Connie Johnson and Isaias Ramirez, students at Skyline High School in Oakland, were both musicians. Now, they’re actors, too. “It’s like a dream come true,” says Johnson about being cast as one of the band members in “School of Rock,” a musical by the Spindrift School of Performing Arts that opens next week.
The play, which was adapted from the movie starring Jack Black, is about a rock ‘n’ roller masquerading as a teacher who forms a renegade band with his uptight prep-school students. Johnson plays a guitarist in the band, and Ramirez is the drummer.
“It’s my two favorite things together,” said Johnson about performing as both an actor and a musician. “It’s so much fun!”
The play puts more emphasis on the student characters than the movie did, which gives the young actors good parts to portray. Kaylee Harris, who has sung and acted with Spindrift for 10 years, says that becoming a different person and immersing herself in a role is one of the things she loves about acting. The characters in the expensive private school allow the actors a view into a different world. The wealth, the prim behavior and the clothes of the characters were “kind of jarring at first,” said Ramirez. “I’ve never worn a tie to school before.”
The play is directed by Gary Ferguson, the new executive artistic director at Spindrift. Ferguson has been at the school for less than a year, and in that time has overseen 13 student productions. This is the most ambitious yet. The choice to do “School of Rock” seemed natural to him, given that the performing arts school teaches music and dance as well as acting, and has multitalented students.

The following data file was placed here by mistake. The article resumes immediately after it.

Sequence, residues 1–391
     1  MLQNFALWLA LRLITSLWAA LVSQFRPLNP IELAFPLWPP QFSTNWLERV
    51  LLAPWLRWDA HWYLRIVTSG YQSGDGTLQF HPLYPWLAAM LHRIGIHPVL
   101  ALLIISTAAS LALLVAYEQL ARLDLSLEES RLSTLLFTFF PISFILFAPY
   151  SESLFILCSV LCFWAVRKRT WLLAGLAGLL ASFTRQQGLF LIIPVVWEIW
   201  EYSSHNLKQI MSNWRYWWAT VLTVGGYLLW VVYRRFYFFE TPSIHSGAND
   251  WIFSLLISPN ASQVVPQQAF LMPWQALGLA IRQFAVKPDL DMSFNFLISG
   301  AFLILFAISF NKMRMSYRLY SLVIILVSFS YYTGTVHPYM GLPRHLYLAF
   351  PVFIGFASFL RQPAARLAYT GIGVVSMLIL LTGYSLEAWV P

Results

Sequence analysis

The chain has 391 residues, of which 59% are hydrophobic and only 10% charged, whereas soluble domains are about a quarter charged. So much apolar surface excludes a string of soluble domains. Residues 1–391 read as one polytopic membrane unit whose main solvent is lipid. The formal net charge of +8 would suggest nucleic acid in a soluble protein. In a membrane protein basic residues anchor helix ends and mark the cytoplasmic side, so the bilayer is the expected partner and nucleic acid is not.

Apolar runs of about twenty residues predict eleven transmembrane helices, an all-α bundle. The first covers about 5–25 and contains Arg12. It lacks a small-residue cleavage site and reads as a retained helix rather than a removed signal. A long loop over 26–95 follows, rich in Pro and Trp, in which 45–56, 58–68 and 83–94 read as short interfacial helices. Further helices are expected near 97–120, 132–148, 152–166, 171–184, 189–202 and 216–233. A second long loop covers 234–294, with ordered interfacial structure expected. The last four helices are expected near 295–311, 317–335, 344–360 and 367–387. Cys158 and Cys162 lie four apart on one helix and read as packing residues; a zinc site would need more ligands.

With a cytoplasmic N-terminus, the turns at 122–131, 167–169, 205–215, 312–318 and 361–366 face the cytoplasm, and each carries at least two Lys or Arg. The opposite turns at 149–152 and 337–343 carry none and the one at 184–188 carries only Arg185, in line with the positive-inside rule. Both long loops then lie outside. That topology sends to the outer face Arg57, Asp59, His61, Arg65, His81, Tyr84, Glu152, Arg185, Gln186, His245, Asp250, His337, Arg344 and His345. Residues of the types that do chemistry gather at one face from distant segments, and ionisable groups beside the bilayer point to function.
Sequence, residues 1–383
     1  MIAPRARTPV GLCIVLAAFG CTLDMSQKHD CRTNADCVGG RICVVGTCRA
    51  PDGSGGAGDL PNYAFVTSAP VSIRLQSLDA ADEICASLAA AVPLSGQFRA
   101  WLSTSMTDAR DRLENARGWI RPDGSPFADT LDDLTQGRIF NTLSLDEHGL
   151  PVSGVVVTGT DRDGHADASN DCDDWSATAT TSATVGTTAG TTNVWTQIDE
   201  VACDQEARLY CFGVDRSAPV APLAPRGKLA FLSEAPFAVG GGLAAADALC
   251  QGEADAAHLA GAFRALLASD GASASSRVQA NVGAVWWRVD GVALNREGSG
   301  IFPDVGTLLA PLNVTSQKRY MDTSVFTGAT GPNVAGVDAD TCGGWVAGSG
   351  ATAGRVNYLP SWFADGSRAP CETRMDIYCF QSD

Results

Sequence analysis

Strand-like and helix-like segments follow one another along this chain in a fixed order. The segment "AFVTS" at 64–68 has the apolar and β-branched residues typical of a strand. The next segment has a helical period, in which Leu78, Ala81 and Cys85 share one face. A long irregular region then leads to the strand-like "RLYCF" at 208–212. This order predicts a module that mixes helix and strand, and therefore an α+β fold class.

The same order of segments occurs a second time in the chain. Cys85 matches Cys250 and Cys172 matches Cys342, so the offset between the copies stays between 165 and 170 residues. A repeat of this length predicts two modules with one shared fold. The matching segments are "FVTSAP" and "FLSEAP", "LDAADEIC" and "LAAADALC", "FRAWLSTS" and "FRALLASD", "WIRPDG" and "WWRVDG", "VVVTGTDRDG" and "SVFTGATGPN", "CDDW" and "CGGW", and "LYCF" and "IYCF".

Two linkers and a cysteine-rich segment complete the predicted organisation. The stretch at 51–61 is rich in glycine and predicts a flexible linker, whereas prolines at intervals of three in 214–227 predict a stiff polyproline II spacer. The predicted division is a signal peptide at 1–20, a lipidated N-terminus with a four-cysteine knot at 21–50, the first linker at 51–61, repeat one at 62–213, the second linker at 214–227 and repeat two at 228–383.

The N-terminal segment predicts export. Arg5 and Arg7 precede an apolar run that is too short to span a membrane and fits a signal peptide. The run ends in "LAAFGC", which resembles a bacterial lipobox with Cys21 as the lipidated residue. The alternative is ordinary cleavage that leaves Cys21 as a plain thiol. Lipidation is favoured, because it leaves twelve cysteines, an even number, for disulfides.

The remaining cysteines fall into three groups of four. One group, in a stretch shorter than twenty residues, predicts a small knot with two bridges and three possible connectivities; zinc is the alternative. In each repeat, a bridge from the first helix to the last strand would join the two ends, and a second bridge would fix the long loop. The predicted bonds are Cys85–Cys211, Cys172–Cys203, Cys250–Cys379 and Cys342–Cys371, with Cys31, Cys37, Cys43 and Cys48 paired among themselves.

He was also able to draw on the Spindrift Theater next door for adult actors, since the play involves both. Working with a range of ages is challenging, from the logistics of when to practice to the differences in how to direct. Ferguson set up a staggered practice schedule: The youth come once a week after school; the adults rehearse in the evening when they’re home from work. The two groups overlap for an hour and a half joint session.
“When the kids go home at 7:30 and he’s working with us, I see him switch. With the adults, he’s still the director, but he talks to us more as colleagues,” said Rosie Bromann, one of the adult actors. As a teacher — and as a mother of another cast member — she’s attuned to how people work with kids. With both groups, she said, “he brings the energy he wants us to match.”
“He’s super funny,” said Bromann’s son, Aiden Schmitt, who plays the band’s techie. When he came to audition for the play, Ferguson also recruited his mother.
Having a mixed-age cast “follows my passion for cradle-to-grave creativity,” said Ferguson. At Spindrift, he teaches adult classes as well as younger students, and he frequently sees people who grew up at Spindrift returning to the stage later in life.
Musical director Adam Green, who teaches music at Skyline High School in Oakland, recruited many of the actor-musicians from among his students. The music in the show will be live, not recorded. A pit band will provide the interlude music. And when the band rocks out, the young actors and the adult lead will actually be playing their instruments.
With its live music and “roof-raising energy,” the show demands a larger stage than Spindrift’s previous productions. Ferguson, who also teaches at Skyline Community College, arranged for the musical to play at the college theater. “School of Rock” will run for seven shows, May 23-28. Tickets are available at the Spindrift website, spindriftschool.org/tickets.
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